Every year, five lakh road accidents are reported in the country in which 1.5 lakh people lose their lives. The government has now made a commitment to reducing accidents and fatalities by 50% in five years and it intends to do this through the Motor Vehicle (Amendment) Bill, which focuses on increasing fines substantially. But passing the law may be the easy part. The real roadblock may lie in implementing it, said experts.

Union Minister of Road Transport and Highways Nitin Gadkari introduced the Bill in the Lok Sabha on August 9. Even in framing this policy, the government has used National Crime Records Bureau, which heavily under-represent deaths of pedestrians, bicyclists and motorcyclists.

The bill proposes increased fines for speeding, driving without licences, and drunken driving among other offences to between Rs 2,000 to Rs 10,000. In many cases, the increase in fines is ten-fold.

How increased fines play out

The increase in the fine is long overdue and much needed. The Motor Vehicles Act was passed in 1988 with fines ranging from Rs 100.

“The fines were too small," said Saji Cherian, Director-Operations, Save Life Foundation, a nonprofit that works on improving road safety and emergency care in India. "If you look at the consumer index price of 1988, Rs 100 in 1988 would be at the same value as Rs 800-1000. This is definitely a good step.”

Studies on effectivity of high fines vary in what they find. A study a peer-reviewed journal Accident Analysis and Prevention by Norwegian traffic expert Rune Elvik showed that a steep increase in fines does not always necessarily reduce violations by between one percent and 12 percent.

“People protest when fines are too high," said Kavi Bhalla, assistant professor, Johns Hopkins School of Public Health. "When other countries have imposed harsh penalties, police have typically responded by reducing the number of tickets issued so as to not upset the public.”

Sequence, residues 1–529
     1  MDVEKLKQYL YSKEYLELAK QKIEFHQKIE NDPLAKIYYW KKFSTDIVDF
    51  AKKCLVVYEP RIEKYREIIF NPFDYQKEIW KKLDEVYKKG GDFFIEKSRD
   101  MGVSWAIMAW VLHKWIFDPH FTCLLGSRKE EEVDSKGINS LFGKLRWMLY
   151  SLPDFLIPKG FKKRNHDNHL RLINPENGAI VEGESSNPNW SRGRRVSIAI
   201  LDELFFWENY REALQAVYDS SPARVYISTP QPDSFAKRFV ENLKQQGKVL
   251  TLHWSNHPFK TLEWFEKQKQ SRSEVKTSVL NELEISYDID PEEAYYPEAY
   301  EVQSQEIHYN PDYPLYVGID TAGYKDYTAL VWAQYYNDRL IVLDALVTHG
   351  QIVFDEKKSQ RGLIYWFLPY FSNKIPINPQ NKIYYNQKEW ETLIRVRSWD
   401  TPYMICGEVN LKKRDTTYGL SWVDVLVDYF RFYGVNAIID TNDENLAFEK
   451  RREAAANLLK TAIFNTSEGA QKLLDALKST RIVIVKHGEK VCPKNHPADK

Better implementation

Most studies suggest that a successful road traffic policy requires highly visible enforcement activities. This could include having more traffic police on the road or setting up electronic enforcement.

One new proposal in the bill puts the the onus on the central government to make rules for electronic monitoring and enforcement of road safety, which will be implemented through the state governments. The system envisions the use of speed cameras, closed-circuit television cameras, speed guns among others to ensure violations are captured at a greater scale.

“Legislating the establishment of robust electronic enforcement for traffic violations will result in reduction in human intervention and the associated corruption,” said Cherian.

Effective road design

Transport experts say in most countries with good safety records have road designs that ensure effective speed control.

“The most effective speed road design is introducing modern roundabouts," said Geetam Tiwari from the Indian Institute of Technology, Delhi who is an expert in transport planning. "In the UK, traffic lights have been replaced with roundabouts. This protects the vulnerable road users.”

The bumps along the way

The bill, however, ignores, poor road maintenance, a big cause of deaths and injuries in India. In 2015, more than 10,000 people were killed in crashes caused by potholes, speed breakers and roads that were under repair or being constructed. While blame is assigned to drivers after an accident, road contractors and engineers are almost never held accountable and this is a gap that the bill does not try to fill.

“We need to have a mandate of a scientific investigation of a road crash," said Cherian. "The police is not trained to understand this well. We could have a proforma for road accidents which could analyse correctly how the accident took place.”

Other highlights of the Bill

  • Child safety – Every child above four years carried on a motorcycle must wear a helmet. Non-compliance attracts fine of Rs 1,000

  • Increased compensation to victims of hit and run cases from Rs 12,500 to Rs 25,000

  • Guardians or owner of vehicle guilty for offences committed by juveniles

  • Protection of Good Samaritans who help road accident victims

  • Unified driver licensing system and vehicle registration system – The government has to maintain a national register for driving licenses and vehicle registration, in addition to state registers.

  • Vehicle Recall – The government may direct the manufacturer to recall vehicles in case of defects which may cause harm to the the users, other road users and environment